About 20 activists barged into House Republican offices on Thursday demanding to meet with Speaker Kurt Daudt, saying he repeatedly rebuffed their requests for meetings to talk about a package of legislative proposals aimed at improving the lives of black Minnesotans.
They clashed with the legislative staff while Daudt and other representatives were on the House floor debating an $800 million bonding bill – and vowed to stay until the speaker’s legislative assistant reached him and scheduled an appointment.
“We’ve presented all these solutions to them … and they’ve just ignored them,” said Wintana Melekin, civic and political engagement director for Neighborhoods Organizing for Change (NOC), which is part of a coalition called United Black Legislative Agenda.
Trailed by two men touting video cameras, Melekin and other activists confronted Isaac Schultz, the speaker’s legislative assistant, at his desk on the fourth floor of the State Office Building.
“When will the meeting be?” Melekin asked Schultz.
He explained that he couldn’t talk to Daudt while the House was in session.
“We have the worst disparities in the entire country,” she said. “We’re literally failing black people at a faster rate than anywhere else.”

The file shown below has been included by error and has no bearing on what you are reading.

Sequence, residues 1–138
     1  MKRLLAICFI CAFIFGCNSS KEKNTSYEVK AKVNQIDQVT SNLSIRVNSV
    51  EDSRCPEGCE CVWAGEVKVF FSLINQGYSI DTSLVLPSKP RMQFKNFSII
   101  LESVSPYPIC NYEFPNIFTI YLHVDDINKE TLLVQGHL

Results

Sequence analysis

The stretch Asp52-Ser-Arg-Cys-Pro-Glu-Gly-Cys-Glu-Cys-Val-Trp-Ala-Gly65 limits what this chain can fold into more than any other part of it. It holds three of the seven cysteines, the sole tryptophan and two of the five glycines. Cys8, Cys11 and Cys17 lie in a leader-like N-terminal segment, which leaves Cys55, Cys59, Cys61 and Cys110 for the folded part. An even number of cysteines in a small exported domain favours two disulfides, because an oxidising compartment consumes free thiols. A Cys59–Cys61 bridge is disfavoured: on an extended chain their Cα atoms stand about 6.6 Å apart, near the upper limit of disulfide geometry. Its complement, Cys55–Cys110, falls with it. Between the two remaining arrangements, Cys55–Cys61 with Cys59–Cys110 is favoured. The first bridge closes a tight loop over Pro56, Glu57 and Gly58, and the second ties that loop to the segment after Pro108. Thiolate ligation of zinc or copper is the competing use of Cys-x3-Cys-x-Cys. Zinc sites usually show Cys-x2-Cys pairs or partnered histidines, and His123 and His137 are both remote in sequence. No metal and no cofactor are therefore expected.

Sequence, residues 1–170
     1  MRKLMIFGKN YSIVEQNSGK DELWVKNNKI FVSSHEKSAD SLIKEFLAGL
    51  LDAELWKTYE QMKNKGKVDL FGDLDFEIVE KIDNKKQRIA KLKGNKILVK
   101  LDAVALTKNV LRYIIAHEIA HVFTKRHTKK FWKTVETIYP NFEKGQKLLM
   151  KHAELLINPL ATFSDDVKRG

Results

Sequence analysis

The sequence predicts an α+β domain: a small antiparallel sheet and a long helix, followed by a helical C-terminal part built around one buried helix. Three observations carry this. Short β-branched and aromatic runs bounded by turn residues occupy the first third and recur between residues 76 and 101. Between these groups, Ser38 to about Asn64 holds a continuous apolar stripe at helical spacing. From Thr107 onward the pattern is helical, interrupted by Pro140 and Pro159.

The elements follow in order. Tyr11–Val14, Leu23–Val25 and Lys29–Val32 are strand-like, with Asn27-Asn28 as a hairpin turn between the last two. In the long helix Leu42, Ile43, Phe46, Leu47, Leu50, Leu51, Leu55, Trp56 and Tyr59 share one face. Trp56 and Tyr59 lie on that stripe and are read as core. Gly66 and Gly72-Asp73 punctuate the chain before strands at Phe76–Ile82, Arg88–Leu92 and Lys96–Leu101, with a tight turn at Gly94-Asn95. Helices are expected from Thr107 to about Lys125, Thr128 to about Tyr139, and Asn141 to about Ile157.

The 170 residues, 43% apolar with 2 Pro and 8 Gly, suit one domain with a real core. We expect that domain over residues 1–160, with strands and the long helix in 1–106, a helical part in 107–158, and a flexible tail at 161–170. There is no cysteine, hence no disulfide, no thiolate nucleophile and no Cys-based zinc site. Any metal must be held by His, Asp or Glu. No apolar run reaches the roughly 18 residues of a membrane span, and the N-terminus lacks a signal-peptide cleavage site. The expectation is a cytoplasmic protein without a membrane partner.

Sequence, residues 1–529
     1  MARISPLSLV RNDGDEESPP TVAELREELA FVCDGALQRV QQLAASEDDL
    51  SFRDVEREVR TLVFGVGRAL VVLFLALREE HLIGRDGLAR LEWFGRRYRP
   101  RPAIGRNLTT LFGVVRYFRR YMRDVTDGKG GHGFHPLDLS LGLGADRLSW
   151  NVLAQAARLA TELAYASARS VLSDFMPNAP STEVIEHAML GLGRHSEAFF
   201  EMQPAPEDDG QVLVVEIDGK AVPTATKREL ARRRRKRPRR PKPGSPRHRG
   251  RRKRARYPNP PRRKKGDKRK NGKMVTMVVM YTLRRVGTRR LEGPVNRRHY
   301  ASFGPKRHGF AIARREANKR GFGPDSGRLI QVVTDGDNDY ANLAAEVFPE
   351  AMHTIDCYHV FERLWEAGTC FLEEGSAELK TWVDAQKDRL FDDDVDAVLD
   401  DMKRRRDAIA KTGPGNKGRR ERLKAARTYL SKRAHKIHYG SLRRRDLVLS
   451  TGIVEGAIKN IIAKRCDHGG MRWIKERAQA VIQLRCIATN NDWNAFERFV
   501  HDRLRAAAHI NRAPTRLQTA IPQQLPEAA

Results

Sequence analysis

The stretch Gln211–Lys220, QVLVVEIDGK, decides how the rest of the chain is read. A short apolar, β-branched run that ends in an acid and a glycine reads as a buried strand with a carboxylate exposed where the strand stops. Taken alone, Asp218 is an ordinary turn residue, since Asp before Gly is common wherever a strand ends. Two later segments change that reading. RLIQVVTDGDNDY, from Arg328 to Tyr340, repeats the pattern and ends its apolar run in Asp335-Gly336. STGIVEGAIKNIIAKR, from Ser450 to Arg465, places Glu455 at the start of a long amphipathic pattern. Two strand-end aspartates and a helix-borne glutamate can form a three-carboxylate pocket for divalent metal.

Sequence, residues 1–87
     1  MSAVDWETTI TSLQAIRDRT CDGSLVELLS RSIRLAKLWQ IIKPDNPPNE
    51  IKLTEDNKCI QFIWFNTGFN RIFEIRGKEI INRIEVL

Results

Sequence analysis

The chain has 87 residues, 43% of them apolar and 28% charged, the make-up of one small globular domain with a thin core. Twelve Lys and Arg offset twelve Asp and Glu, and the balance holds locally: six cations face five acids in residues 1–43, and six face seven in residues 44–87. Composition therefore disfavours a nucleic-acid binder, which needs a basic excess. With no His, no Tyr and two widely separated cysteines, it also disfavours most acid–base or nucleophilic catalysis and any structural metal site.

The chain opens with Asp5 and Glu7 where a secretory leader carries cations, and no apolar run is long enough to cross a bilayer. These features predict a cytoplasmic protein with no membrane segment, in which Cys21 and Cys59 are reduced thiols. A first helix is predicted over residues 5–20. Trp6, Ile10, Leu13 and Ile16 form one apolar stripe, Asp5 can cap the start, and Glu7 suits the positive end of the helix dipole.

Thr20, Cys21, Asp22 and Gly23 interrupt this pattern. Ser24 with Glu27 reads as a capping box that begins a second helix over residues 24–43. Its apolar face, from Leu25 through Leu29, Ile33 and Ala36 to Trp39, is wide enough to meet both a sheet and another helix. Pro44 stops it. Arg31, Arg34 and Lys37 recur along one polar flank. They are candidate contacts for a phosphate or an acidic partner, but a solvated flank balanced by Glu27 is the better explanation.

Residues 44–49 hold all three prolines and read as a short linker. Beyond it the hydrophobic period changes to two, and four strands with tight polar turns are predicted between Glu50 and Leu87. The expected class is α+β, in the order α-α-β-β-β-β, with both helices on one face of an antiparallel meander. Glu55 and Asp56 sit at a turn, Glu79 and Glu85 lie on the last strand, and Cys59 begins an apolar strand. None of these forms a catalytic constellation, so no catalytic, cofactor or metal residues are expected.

The scene was chaotic at times, as members of the group talked over one another and confronted staffers walking through the office. One activist told Schultz she pitied his soul. A call to the Sergeant of Arms led to a Capitol Security officer stepping in, though he left after concluding that the group was only trying to schedule a meeting.
Melekin and other activists at NOC said they met this week with Gov. Mark Dayton, House DFL Leader Paul Thissen, Rep. Joe Mullery, Senator Jeff Hayden, Rep. Peggy Flanagan and others to discuss what they called the United Black Legislative Agenda. They said Daudt declined to join.
Melekin said the speaker’s office had rejected their efforts to meet three times. But even after Schultz took down her phone number and emphasized that he would request a meeting, the group said it would stay in the office until a time was officially scheduled.
The agenda includes the creation of a capital fund to support black businesses, a ban on private prisons, the restoration of voting rights for people released from prison, and more job training and educational programs for Somali residents, among other measures.
“I didn’t feel like it was chaotic – I felt like it was beautiful,” said Melekin. “People wanted to have their voices heard.”
She said people of color had to keep pushing until someone listened to them.
“I’m not going to stop coming,” she said. “Nothing will deter me.”